Output expanded by 0.1 percent in the April to June period, according to the federal statistics agency, which had previously projected zero growth.
The economy was propped up by both private and public domestic demand, with spending by the state up by 2.3 percent.
Private spending rose 0.8 percent from the previous quarter as the end of Covid-19 restrictions brought more tourism and outdoor dining.
Europe’s biggest economy has been slowing as inflation soars, with Russia’s invasion of Ukraine sending energy and food prices through the roof.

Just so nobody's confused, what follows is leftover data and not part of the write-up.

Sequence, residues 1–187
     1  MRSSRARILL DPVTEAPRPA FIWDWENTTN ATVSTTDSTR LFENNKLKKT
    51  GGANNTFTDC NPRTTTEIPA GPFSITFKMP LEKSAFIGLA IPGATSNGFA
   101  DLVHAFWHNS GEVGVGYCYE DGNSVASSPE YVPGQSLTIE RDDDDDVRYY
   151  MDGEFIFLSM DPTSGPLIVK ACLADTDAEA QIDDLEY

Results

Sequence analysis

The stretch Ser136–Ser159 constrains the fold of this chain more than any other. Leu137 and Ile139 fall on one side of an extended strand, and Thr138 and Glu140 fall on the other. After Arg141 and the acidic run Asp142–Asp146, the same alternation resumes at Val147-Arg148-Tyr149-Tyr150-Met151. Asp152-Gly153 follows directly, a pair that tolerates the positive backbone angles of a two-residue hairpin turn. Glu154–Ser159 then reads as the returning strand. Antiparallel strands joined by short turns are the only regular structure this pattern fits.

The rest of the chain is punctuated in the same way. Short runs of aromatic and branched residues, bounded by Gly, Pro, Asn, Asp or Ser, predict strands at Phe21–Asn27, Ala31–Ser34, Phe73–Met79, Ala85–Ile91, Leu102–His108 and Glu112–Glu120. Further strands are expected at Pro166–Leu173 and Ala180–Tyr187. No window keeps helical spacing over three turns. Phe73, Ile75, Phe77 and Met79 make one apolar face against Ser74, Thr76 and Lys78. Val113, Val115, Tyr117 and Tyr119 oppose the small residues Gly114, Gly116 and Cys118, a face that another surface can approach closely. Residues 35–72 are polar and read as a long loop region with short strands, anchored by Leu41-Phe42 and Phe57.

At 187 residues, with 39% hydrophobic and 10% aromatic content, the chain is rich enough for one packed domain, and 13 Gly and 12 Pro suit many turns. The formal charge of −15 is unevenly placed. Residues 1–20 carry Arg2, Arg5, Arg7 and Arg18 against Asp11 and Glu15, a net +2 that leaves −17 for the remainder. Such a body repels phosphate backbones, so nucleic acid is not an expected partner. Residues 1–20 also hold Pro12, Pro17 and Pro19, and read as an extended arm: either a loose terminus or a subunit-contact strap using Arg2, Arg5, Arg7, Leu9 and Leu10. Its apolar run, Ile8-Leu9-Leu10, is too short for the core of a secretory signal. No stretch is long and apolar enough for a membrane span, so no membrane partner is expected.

READ ALSO: German economy stalls as recession looms
Germany has been highly reliant on supplies of Russian gas to meet its energy demands, but Moscow has slowly dwindled supplies since the start of the war.
The threat that Russia could cut deliveries completely has raised the possibility of shortages over the winter and brought Germany closer to rationing supplies, with a punishing impact on business.
Bundesbank president Joachim Nagel had warned in a recent interview that although the German economy held up well in the second quarter, new supply chain problems would “further darken the outlook for the second half”.
Particularly, if the energy crisis were to worsen, “a recession appears probable for the coming winter”.